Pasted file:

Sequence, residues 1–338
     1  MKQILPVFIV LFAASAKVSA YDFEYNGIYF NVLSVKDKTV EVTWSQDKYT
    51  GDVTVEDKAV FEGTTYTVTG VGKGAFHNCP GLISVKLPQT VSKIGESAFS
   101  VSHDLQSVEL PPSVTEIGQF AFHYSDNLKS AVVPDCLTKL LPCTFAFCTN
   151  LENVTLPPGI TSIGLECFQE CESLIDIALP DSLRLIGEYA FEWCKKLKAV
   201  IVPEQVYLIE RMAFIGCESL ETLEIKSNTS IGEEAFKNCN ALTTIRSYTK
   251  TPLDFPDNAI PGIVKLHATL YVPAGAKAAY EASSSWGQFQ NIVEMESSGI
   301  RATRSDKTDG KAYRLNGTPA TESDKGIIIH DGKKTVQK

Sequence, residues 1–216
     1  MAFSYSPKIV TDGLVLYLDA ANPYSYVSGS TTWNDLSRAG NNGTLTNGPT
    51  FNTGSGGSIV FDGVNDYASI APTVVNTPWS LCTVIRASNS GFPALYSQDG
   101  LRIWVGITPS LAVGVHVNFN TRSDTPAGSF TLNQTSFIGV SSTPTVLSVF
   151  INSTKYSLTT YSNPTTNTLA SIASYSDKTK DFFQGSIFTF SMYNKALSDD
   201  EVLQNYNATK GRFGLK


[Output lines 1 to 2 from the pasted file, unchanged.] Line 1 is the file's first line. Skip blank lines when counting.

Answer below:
Sequence, residues 1–338
     1  MKQILPVFIV LFAASAKVSA YDFEYNGIYF NVLSVKDKTV EVTWSQDKYT